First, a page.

Ignoring any National Insurance contributions, which have remained largely stable, under the old 10p tax system someone earning £8,000 would take home £7,657.10

Under the new system £8,000 a year would leave you with £7,487 - £170.10 out of pocket compared to the previous year.

The trend continues as of below, eventually levelling off and going the other way. But it's clear Brown was wrong: some people are worse off if they cannot claim benefits and credits to top up their income.

It's only fair to point out that Brown's last Budget gave an extra £3bn in pension allowances, an increase in the working tax credit, and an increase in the child tax credit.

That was followed by another £1bn of support for increases in the child tax credit.

So if some people are worse off, then how many?

The Tories are keen to say that 5.3 million households will be worse off under these changes. And today they said 260,000 people in Wales alone would be left worse off due to the 10p changes.

It is a claim that many in the Labour Party have denied, and it's understood that Brown in particular is furious with what he sees as a hugely inflated figure.

Lucy Powell, Labour's Parliamentary Candidate for Manchester Withington, trotted out a familiar put down in relation to the Conservative's jibe.

She said: "The claims of the Tories that five million people are worse off by as much as £500 are wholly incorrect."

However, it's worth looking at what the Treasury is saying about the costs of this change to work out the scale of its impact. Alistair Darling says it will cost £7bn to reverse the 10p tax change.

Yet five million times £500 is £2.5bn. Suddenly the Tory numbers don't seem so large.

It is also worth bearing in mind that £1.2bn a year is left unclaimed in tax credits.

So while Brown will assume that a lot of people (those that are eligible for benefits) will fill out a 24-page claim form to get back some money, the reality is that hundreds of thousands won't. And they will be worse off as a result.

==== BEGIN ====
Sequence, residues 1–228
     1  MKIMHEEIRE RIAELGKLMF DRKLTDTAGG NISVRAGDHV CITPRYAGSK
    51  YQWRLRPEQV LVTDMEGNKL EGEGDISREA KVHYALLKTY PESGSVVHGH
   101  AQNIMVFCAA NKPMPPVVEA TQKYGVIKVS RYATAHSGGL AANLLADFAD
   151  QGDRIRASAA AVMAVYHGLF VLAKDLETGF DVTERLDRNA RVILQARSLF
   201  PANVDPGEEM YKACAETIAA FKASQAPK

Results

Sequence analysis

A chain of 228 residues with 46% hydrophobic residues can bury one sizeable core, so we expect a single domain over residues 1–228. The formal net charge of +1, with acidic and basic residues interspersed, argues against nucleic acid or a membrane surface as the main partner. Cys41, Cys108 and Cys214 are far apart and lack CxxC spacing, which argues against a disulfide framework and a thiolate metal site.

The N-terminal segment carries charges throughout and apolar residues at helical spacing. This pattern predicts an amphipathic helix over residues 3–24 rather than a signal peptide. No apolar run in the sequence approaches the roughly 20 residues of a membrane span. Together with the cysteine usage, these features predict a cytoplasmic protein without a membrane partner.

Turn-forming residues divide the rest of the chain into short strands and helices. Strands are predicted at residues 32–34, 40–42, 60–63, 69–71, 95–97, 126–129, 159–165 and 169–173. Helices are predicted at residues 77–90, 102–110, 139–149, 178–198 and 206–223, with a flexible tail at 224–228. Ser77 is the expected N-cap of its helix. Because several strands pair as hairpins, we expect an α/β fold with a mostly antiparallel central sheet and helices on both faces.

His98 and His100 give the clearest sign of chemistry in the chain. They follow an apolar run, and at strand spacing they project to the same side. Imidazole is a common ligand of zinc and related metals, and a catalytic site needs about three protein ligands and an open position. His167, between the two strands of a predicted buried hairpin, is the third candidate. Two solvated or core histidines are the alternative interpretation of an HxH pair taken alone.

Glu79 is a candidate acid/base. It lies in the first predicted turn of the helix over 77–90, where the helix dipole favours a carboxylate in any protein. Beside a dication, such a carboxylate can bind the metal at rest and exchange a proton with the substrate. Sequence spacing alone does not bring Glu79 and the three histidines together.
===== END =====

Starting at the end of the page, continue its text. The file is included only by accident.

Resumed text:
The verdict

A trawl of the Downing Street lobby notices shows Brown's standard public response to questions about whether he thought the 10p change had left anyone worse off was to say "since 1997 people on low incomes are significantly better off."

It hinted at a new uncertainly over the precise impact of the 10p change. The promise of new allowances and credits is witness to that.

It is clear that some people will be worse off, and Brown's bold statements to the PLP and NEC were wide of the mark.

FactCheck rating: 4.5

How ratings work

Every time a FactCheck article is published we'll give it a rating from zero to five.

The lower end of the scale indicates that the claim in question largely checks out, while the upper end of the scale suggests misrepresentation, exaggeration, a massaging of statistics and/or language.

In the unlikely event that we award a 5 out of 5, our factcheckers have concluded that the claim under examination has absolutely no basis in fact.

The sources

Downing Street Press Briefing
Telegraph: how Labour can get off the hook on 10p tax
Citizen Advice Bureau: Benefits and tax credits for people in work
The Guardian: about Lucy Powell
HM Treasury: Chancellor of the Exchequer's Budget Statement